- Virginia Chihota born 1983
- Original title
- Silkscreen print on paper
- Frame: 1885 × 1385 × 50 mm
support: 1800 × 1300 mm
- Purchased with funds provided by Tate Americas Foundation, courtesy of Caro Macdonald in honour of the women of Zimbabwe 2017
This is one of two screenprints in Tate’s collection by Virginia Chihota that share the same title and date; where this one is portrait format, the other (Tate T14806) is landscape format. Both prints are unique and therefore not editioned, and form part of an ongoing series of monoprints – five at the time of writing – with the collective title Fighting One’s Self (‘Kuzvirwisa’ in the artist’s native Shona language). The title and images communicate varying aesthetic approaches to the theme of mental and physical isolation. Though created in series, the works are considered individual and can be displayed as such. This particular print is notable for the aqueous application of typically viscous screenprinter’s ink, producing a watercolour-like effect. The cool palette is predominantly blue and purple, overlaid by thin washes of red. Only toward the left-hand margin can one discern filaments of the boldest red hue for which Chihota’s earlier works are known. Large concentric ovals of blue, purple and pale red form egg-like layers, within which a figure shields its face from view. The landscape-format work is dominated by luminous gold ink, suspended in the centre of which is a large sac-like form positioned along its horizontal axis. The ovoid shape contains a human figure whose small black face and torso recede in relation to the flexed arm and disproportionately elongated leg, both articulated in taupe. The warm pink tones surrounding the figure are accented by two small striated Y-shapes rendered in blood red, evoking a uterine environment. The composition of both prints bears strong allusions to fertility, the placement of the human figure within such a sac being intentionally womb-like.
Chihota’s work across drawing, painting and printmaking is deeply introspective, characterised by her use of symbols referring to female anatomy and foetal positions, rich colour and graphic forms to convey her perspective on personal experiences. In Fighting One’s Self she chose the Shona term for inner turmoil to address the fraught struggle to maintain a sense of self in the midst of change, a concern that she has described as the defining element of her practice: ‘My work is a reflection on the search for one’s self (and the perenniality of the self) in changing circumstances. Displacement creates uncertainty but the imperative to survive and the continuity one manages to maintain despite changing conditions inspires me.’ (Quoted in Kinsmann 2015, accessed September 2016.)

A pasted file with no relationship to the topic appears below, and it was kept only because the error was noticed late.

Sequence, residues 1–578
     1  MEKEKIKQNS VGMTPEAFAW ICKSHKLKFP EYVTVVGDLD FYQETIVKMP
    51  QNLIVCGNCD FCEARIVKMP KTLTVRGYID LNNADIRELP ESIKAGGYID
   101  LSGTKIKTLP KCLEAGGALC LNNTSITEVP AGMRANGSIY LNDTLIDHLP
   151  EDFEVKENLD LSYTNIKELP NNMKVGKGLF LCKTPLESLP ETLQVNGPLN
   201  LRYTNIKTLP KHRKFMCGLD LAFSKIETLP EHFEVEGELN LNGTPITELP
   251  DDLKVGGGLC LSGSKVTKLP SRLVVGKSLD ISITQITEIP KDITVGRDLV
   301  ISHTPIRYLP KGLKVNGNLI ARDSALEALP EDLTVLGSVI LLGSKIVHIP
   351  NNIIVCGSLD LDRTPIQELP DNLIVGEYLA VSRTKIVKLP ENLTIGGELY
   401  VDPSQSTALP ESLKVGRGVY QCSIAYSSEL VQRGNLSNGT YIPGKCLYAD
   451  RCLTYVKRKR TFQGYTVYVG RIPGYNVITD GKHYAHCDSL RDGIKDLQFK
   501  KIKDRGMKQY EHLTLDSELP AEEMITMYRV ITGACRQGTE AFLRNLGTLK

Chihota has drawn on recent changes in her circumstances, in particular becoming a wife and mother, and a temporary relocation to Tripoli in Libya with her family in 2012, followed by a turbulent period of displacement and relocation in the face of the escalating Libyan Crisis. While her choice of title foregrounds this personal tumult, her works have become increasingly abstract. They are rich in symbolic reference to fertility, loneliness and female subjectivities associated with traditional gender roles linked to pregnancy and the sequestration that can come with tending to very young children. Where figures do appear, they are places so as to convey nuances of dislocation, isolation and loneliness. The motif of the inverted body or head – as in Receiving Life (Kugamuchira Hupenyu) 2013 and Raising Your Own (Kurera Wako) 2014 – is one example. Another is the singular female figure placed within a block of colour or pattern that is surrounded by an expanse of blank space, as in the series The Root of the Flower We Do Not Know (Mudzi Weruva Ratisingazive) 2014. When multiple figures do appear in the same image, Chihota tends to signify disconnect by depicting them turned away from one another, or segregated into different quadrants, such as in The Prince of Life (Kuna Muvambi Wehupenyu) 2013 and the series Trust and Obey (Kuvimba Nekuterera) 2013.
Such concerns are also at the heart of works such as The Constant Search for Self (Kudzokorodza Kuzvitsvaga) 2013, also in Tate’s collection (Tate T14350). Separate, bulbous forms convey a sense of female loneliness or entrapment, while the gesture of obscuring them with washes of colour or densely applied marks further suggests loss of visibility, voice and agency. Ideas of nurture and safety associated with the womb seem antithetical to these concepts of being alone, yet it is precisely because of this that it holds especial significance to Chihota’s reading and representation of the universal quest for selfhood. Reflecting on the meaning behind her symbolic use of the womb in relation to the human condition, she has said that it is ‘an all-encompassing symbol for fertility, for a woman’s gift for gestation and the creation of life, a woman’s intuition and psychic abilities, and the subconscious … No one is excluded from being fruit of the womb and all that that encompasses. It yields to the human condition.’ (Ibid.)
Portia Zvavahera et al., Dudziro: Interrogating the Visions of Religious Beliefs, exhibition catalogue, Zimbabwe Pavilion, Venice Biennale, 1 June–24 November 2013.
Houghton Kinsmann, ‘Depicting Thorns in Virginia Chihota’s Flesh’, AnotherAfrica.net, 28 January 2015, http://www.anotherafrica.net/art-culture/depicting-thorns-in-virginia-chihotas-flesh, accessed September 2016.
Emma Lewis and Zoe Whitley
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